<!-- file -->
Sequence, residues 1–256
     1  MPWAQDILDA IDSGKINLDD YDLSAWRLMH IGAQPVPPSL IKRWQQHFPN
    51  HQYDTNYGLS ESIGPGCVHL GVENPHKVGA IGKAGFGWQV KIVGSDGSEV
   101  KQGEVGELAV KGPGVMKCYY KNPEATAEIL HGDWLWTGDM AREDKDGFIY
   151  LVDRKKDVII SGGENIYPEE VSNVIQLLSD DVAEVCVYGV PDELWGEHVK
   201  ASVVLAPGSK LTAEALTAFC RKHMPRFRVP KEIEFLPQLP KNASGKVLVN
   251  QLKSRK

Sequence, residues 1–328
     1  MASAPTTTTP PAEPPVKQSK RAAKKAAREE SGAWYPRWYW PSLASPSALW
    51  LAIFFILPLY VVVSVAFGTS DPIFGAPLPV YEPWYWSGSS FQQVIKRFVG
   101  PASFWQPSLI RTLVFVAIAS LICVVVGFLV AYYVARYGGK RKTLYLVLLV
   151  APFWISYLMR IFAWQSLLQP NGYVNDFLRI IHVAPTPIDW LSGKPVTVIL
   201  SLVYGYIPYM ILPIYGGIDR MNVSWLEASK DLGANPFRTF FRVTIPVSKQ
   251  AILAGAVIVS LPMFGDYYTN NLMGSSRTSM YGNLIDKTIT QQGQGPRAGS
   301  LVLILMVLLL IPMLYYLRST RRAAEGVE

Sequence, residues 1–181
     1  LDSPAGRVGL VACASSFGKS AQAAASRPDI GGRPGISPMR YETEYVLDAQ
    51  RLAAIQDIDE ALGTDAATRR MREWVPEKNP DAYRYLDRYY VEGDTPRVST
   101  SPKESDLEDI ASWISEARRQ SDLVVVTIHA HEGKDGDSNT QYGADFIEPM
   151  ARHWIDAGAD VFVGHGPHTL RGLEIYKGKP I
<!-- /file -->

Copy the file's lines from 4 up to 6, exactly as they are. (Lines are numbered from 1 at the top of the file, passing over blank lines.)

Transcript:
   101  KQGEVGELAV KGPGVMKCYY KNPEATAEIL HGDWLWTGDM AREDKDGFIY
   151  LVDRKKDVII SGGENIYPEE VSNVIQLLSD DVAEVCVYGV PDELWGEHVK
   201  ASVVLAPGSK LTAEALTAFC RKHMPRFRVP KEIEFLPQLP KNASGKVLVN